a. For the payment of the principal of and interest on any bonds due in such fiscal year;
b. For the deposit into any reserve funds provided for in the proceedings authorizing the issuance of bonds of any amounts required to be deposited in such reserve funds in such fiscal year;
c. For direct payment of the cost or any part of the cost of any capital project for the state system theretofore authorized by the legislature, or for the purchase or redemption of outstanding bonds in accordance with the provisions of the proceedings which authorized the issuance of such bonds, or for the purpose of maintaining, restoring, or repairing existing public educational facilities.
(b) REFUNDING BONDS. Revenue bonds to finance the cost of state capital projects issued prior to the date this revision becomes effective, including projects of the Florida state turnpike authority or its successor but excluding all portions of the state highway system, may be refunded as provided by law without vote of the electors at a lower net average interest cost rate by the issuance of bonds maturing not later than the obligations refunded, secured by the same revenues only.
(c) MOTOR VEHICLE FUEL TAXES.
(1) A state tax, designated “second gas tax,” of two cents per gallon upon gasoline and other like products of petroleum and an equivalent tax upon other sources of energy used to propel motor vehicles as levied by 4Article IX, Section 16, of the Constitution of 1885, as amended, is hereby continued. The proceeds of said tax shall be placed monthly in the state roads distribution fund in the state treasury.
(2) 4Article IX, Section 16, of the Constitution of 1885, as amended, is adopted by this reference as a part of this revision as completely as though incorporated herein verbatim for the purpose of providing that after the effective date of this revision the proceeds of the “second gas tax” as referred to therein shall be allocated among the several counties in accordance with the formula stated therein to the extent necessary to comply with all obligations to or for the benefit of holders of bonds, revenue certificates and tax anticipation certificates or any refundings thereof secured by any portion of the “second gas tax.”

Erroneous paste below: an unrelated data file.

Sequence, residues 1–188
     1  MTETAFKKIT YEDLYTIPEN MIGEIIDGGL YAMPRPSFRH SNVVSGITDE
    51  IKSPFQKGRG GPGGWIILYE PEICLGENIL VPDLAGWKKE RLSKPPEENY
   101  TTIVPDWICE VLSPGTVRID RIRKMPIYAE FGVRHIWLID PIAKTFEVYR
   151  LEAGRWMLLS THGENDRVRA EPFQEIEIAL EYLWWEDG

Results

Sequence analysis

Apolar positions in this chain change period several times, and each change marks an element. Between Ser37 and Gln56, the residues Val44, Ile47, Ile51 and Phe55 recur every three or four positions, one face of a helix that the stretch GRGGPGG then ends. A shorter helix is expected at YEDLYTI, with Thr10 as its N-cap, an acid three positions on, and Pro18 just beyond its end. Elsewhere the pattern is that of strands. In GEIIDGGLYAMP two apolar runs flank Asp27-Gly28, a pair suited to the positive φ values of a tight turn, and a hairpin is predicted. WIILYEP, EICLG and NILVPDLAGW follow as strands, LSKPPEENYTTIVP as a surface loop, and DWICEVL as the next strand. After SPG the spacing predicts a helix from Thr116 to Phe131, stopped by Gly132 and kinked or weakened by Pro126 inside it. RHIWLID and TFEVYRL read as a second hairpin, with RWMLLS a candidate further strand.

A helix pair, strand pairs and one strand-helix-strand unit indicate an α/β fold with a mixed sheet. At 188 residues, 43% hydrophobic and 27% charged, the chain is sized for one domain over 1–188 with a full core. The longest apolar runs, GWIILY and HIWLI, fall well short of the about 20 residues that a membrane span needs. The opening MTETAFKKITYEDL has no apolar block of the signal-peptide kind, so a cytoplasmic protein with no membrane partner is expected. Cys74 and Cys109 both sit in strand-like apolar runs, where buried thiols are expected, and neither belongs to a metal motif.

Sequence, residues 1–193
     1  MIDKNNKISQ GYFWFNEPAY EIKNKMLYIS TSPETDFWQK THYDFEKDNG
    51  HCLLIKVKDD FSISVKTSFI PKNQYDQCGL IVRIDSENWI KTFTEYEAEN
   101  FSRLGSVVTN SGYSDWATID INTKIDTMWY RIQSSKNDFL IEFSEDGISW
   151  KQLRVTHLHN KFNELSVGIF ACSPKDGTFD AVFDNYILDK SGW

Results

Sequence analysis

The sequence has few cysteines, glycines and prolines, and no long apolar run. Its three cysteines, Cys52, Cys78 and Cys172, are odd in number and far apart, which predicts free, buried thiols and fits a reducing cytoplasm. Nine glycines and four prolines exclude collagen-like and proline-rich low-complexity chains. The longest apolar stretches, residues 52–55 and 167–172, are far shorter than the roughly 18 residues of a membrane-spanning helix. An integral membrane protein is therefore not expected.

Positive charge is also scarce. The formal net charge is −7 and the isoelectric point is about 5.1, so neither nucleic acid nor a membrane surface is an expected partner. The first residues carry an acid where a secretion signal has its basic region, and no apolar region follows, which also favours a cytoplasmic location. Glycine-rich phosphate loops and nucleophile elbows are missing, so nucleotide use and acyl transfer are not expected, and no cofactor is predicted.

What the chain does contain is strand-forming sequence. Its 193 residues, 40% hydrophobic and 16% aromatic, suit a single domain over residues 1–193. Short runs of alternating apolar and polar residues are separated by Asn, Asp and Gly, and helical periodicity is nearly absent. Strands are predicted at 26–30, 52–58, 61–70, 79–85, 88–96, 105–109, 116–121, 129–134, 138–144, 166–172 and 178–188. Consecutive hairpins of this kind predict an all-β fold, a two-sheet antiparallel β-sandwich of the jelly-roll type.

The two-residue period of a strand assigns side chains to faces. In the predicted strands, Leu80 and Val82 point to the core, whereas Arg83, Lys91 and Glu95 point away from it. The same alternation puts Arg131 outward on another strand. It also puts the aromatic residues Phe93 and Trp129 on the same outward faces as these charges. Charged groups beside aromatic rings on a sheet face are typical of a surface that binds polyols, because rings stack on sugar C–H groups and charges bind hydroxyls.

(3) No funds anticipated to be allocated under the formula stated in 4Article IX, Section 16, of the Constitution of 1885, as amended, shall be pledged as security for any obligation hereafter issued or entered into, except that any outstanding obligations previously issued pledging revenues allocated under said 4Article IX, Section 16, may be refunded at a lower average net interest cost rate by the issuance of refunding bonds, maturing not later than the obligations refunded, secured by the same revenues and any other security authorized in paragraph (5) of this subsection.